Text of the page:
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Keeper caught on hidden camera convicted of killing birds of prey

A gamekeeper caught on an RSPB hidden camera faces jail after being found guilty of killing and trapping birds of prey

Common Buzzard

Aberdeenshire gamekeeper George Mutch was found guilty on 11 December 2014 of illegally using a trap and recklessly killing or injuring two goshawks and a buzzard at Kildrummy Estate, near Alford in Aberdeenshire.

The prosecution case hinged on controversial video evidence submitted by the RSPB, which was obtained secretly using a hidden camera. Sheriff Noel McPartlin ruled that the footage was admissible on the grounds that it was the by-product of a legitimate survey.

Ian Thomson, head of the RSPB Scotland’s investigations unit, told Aberdeen Sheriff’s Court that workers for the charity routinely entered estates without the permission of landowners. Mr Thomson said: “Because we are entering an area for scientific study we feel we are using our access rights under the Land Reform Act.”

Sentencing is due to take place next month. Sheriff McPartlin said he was considering a custodial term.

Expelled from Scottish Gamekeepers’ Association

As a result of the conviction, Mr Mutch was expelled from the Scottish Gamekeepers’ Association. A spokesman for the association said: “Mr Mutch’s membership of the Scottish Gamekeepers’ Association has been in suspension for some time, until the outcome of the case was known. Now that it is, he will no longer be a member of the Scottish Gamekeepers’ Association.

“This is the 5th time in three years the Scottish Gamekeepers’ Association has suspended memberships after individuals were proven in court to have committed a wildlife crime. This is consistent with the Scottish Gamekeepers’ Association’s clear stance that we will not condone anyone taking the law into their own hands.”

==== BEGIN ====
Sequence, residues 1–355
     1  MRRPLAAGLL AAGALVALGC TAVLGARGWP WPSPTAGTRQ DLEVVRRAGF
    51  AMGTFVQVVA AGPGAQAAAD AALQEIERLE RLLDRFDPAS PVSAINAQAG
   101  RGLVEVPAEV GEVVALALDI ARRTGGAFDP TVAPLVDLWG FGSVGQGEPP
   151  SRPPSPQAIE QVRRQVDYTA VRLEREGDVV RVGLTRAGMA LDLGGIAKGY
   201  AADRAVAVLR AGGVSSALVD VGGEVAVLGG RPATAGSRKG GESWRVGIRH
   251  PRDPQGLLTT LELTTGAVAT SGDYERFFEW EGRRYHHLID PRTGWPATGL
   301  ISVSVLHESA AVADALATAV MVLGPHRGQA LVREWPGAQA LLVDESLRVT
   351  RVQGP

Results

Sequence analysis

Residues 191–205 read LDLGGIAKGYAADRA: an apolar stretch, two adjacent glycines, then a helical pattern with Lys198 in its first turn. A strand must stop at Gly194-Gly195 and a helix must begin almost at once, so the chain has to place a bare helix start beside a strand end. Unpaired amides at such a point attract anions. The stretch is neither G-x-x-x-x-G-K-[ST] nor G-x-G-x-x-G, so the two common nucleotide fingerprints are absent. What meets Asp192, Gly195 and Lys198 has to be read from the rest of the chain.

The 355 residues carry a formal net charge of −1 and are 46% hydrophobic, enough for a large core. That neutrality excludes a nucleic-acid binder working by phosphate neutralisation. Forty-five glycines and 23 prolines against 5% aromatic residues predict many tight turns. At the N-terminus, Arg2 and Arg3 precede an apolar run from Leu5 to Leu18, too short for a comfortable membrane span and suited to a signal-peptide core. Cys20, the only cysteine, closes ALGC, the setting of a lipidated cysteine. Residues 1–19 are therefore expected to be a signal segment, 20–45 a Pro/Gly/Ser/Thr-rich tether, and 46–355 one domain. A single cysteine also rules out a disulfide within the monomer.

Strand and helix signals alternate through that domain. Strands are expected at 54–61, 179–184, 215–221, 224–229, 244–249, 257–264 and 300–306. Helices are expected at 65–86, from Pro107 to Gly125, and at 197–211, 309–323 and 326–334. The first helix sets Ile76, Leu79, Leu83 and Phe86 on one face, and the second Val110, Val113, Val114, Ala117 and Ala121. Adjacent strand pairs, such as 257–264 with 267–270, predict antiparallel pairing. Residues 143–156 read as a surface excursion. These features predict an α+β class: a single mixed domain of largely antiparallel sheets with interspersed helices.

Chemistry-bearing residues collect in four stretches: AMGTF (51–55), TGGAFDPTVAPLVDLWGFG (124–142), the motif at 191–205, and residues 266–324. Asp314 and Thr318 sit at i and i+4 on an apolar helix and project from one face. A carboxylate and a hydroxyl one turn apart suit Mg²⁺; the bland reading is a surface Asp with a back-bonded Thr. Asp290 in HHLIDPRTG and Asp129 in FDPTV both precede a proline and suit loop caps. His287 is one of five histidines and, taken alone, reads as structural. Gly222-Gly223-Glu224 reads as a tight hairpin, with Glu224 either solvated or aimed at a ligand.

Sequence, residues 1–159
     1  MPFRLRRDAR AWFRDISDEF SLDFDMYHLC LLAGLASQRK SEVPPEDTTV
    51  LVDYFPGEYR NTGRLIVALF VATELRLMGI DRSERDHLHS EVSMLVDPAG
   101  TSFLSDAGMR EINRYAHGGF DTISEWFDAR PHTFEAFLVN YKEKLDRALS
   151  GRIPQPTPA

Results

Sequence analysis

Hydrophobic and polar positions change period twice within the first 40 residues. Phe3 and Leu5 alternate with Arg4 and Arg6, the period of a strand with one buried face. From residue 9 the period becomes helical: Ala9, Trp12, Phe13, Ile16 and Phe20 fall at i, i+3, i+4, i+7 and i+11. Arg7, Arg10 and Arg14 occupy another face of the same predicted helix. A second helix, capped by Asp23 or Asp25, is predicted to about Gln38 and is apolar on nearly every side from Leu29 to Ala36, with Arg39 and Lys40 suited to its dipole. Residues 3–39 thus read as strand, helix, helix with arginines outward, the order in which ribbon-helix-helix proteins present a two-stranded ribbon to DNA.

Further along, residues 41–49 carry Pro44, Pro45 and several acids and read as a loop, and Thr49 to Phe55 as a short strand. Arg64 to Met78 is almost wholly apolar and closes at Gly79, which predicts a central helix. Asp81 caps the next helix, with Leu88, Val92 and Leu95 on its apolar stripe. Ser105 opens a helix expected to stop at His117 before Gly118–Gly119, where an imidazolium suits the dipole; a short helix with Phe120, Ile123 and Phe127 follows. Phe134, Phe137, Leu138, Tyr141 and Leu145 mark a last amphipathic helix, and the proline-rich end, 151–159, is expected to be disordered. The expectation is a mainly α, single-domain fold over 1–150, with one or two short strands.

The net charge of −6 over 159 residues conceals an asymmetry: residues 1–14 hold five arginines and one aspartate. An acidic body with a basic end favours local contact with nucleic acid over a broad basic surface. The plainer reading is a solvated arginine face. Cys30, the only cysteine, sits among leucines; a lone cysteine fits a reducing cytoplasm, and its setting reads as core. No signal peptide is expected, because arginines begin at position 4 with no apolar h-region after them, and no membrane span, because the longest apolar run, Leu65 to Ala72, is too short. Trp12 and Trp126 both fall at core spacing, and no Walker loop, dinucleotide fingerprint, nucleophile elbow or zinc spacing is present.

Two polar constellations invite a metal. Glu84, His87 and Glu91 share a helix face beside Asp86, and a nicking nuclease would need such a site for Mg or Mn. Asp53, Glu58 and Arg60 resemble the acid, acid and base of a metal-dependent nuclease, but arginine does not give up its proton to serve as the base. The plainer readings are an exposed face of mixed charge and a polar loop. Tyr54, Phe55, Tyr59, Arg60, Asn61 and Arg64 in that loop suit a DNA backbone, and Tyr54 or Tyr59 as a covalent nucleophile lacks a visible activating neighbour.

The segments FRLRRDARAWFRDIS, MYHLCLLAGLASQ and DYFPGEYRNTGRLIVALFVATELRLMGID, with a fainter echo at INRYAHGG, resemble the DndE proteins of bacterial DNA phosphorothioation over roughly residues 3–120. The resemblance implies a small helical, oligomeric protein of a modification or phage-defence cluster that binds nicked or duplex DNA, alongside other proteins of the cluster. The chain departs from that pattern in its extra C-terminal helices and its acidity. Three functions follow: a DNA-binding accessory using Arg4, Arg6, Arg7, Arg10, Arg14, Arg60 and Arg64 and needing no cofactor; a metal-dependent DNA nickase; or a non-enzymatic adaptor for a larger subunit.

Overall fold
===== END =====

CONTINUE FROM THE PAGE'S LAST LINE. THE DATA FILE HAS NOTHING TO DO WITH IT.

“On the separate, theoretical, issue of the use of covert video evidence, it is clear to us that it should not be acceptable for individuals from one particular profession to be under surveillance in their place of work, without their knowledge, and to have their right to liberty and privacy from such encroachment, removed. If this is to be the direction of travel, it is not right for Scottish Government to deny people whose livelihoods come under pressure due to the activity of certain species or animals, recourse to a legal solution to solve that conflict.

Legal and scientific means

“Currently, there are no legal or scientific means by which people can protect their investments or jobs in situations exacerbated by conflicts with species. Scottish Government has never granted anyone from the game industry a licence to protect investments, which they have the power to do, although it does grant licences routinely to other industries. This, in our view, is a barrier to justice and does nothing to prevent wildlife crime.

“In a society supposedly enlightened when it comes to tackling this issue, we believe this is untenable and we will be seeking talks with Scottish Government so that this anomaly is finally closed, removing once and for all the rationale for people to commit wildlife crime.”

Duncan Orr-Ewing, head of species and land management at RSPB Scotland, said: “We welcome the conviction of George Mutch on the four charges, including illegal killing of a goshawk. This long-running case, informed by evidence from RSPB Scotland staff, has finally delivered some justice. To witness the destruction of a specially protected bird of prey in this callous manner was truly shocking. Crimes against protected birds of prey are an affront to the people of Scotland and damage the reputation of the sport shooting industry.”